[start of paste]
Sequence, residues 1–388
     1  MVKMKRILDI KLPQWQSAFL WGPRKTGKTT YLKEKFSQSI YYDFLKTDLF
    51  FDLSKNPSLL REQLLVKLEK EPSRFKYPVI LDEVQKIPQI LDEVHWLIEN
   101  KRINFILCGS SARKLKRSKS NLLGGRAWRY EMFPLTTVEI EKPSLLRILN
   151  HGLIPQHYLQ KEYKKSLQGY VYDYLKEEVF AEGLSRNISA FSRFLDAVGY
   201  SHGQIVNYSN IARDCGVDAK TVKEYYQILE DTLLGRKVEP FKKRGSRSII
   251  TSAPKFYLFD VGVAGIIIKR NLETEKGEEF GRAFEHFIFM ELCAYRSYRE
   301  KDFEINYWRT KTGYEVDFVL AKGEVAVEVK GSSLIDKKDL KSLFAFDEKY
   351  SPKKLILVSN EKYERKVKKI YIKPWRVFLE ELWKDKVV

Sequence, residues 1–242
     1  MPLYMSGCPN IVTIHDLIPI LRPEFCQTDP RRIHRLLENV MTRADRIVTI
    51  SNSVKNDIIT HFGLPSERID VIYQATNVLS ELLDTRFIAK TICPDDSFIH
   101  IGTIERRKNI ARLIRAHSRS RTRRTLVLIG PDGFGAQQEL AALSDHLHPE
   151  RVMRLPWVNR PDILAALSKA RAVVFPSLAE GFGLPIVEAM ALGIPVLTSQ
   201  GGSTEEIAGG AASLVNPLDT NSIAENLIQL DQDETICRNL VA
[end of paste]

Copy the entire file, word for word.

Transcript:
Sequence, residues 1–388
     1  MVKMKRILDI KLPQWQSAFL WGPRKTGKTT YLKEKFSQSI YYDFLKTDLF
    51  FDLSKNPSLL REQLLVKLEK EPSRFKYPVI LDEVQKIPQI LDEVHWLIEN
   101  KRINFILCGS SARKLKRSKS NLLGGRAWRY EMFPLTTVEI EKPSLLRILN
   151  HGLIPQHYLQ KEYKKSLQGY VYDYLKEEVF AEGLSRNISA FSRFLDAVGY
   201  SHGQIVNYSN IARDCGVDAK TVKEYYQILE DTLLGRKVEP FKKRGSRSII
   251  TSAPKFYLFD VGVAGIIIKR NLETEKGEEF GRAFEHFIFM ELCAYRSYRE
   301  KDFEINYWRT KTGYEVDFVL AKGEVAVEVK GSSLIDKKDL KSLFAFDEKY
   351  SPKKLILVSN EKYERKVKKI YIKPWRVFLE ELWKDKVV

Sequence, residues 1–242
     1  MPLYMSGCPN IVTIHDLIPI LRPEFCQTDP RRIHRLLENV MTRADRIVTI
    51  SNSVKNDIIT HFGLPSERID VIYQATNVLS ELLDTRFIAK TICPDDSFIH
   101  IGTIERRKNI ARLIRAHSRS RTRRTLVLIG PDGFGAQQEL AALSDHLHPE
   151  RVMRLPWVNR PDILAALSKA RAVVFPSLAE GFGLPIVEAM ALGIPVLTSQ
   201  GGSTEEIAGG AASLVNPLDT NSIAENLIQL DQDETICRNL VA